Give it to Jeremy — He’ll Watch Anything: “Future Weather”

Ed. Note: In “Give it to Jeremy — He’ll Watch Anything,” Jeremy blindly selects a movie from the Netflix “Random Picks” section, watches it, and records his reaction. It’s arbitrary. It’s chaos. It’s awesome. Warning: Spoilers.


Introducing… the truly random Random Pick! Make sure you’re sitting down for this, geeks: to make this selection, I pulled up Interactive Ruby, ran the command “rand 20” and got the response “7”. So I will now dutifully watch the seventh movie in the Random Picks list:

Future Weather: “After her mother abandons her, a 13-year-old girl tries to help thwart global warming while negotiating a difficult relationship with her grandmother.”

This has the potential to be a really interesting, good movie; it also could be a preachy, convoluted trainwreck. Either way, my complex calculations indicate that it runs under 100 minutes, so let’s get to it. (I’m also going to warn you right now: I struggled with the protagonist’s name.)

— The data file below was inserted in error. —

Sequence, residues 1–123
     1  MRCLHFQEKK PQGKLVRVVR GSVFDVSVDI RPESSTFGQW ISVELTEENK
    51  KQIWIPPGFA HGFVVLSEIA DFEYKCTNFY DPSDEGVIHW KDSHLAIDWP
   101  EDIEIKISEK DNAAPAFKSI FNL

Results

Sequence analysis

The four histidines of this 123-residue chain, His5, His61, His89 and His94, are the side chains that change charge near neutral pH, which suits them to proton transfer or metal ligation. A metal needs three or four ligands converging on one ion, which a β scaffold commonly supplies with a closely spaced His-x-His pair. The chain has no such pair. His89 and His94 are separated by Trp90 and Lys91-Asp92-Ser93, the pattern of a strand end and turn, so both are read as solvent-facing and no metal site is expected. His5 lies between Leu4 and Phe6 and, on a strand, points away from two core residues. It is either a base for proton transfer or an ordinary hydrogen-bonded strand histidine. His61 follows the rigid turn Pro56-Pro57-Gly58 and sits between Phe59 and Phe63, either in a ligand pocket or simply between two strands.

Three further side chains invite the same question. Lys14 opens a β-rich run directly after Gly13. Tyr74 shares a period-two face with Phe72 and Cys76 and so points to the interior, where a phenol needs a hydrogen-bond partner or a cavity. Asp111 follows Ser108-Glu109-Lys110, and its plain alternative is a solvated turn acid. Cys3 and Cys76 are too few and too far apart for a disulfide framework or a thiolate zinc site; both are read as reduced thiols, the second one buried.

Is this movie for me? Was that sexist? Should I shut up and watch the movie?

Tough opening scene in which a drunk woman brings a guy home from the bar, then tucks in her tweenaged daughter.

Amanda: “I was really hoping that was her sister.”

The 13-year-old protagonist in a voiceover, reading her science class essay: “Science is also the only way we’re going to figure out how to make our planet safe for future generations.”

The 32-year-old skeptic and curmudgeon, writing this reaction piece: “Prove it.”

Look, a bread box! I’ve never had one of those. That was weirdly exciting.

Oh, yeah. I forgot to mention: The bread box is significant because that’s where Lana-Rey’s (I think that’s what she’s called?) mom put her “I’m abandoning you” note. Sad trombone.

Hey, my mom had that grill. Slightly different color, though. I think it was Weber. The charcoal kind that’s sort of square? You know.

Anyway, before leaving for school, Rey just did a bunch of jumping jacks while yelling frustrated and angry obscenities. Pretty fantastic little scene.

Oh, man. This poor kid (Neil) has a major crush on severe-faced Rey, who is super, super angry about how carbon dioxide is killing off our ocean’s coral. (And probably about some other stuff. Liker her mom leaving. I’m just guessing.)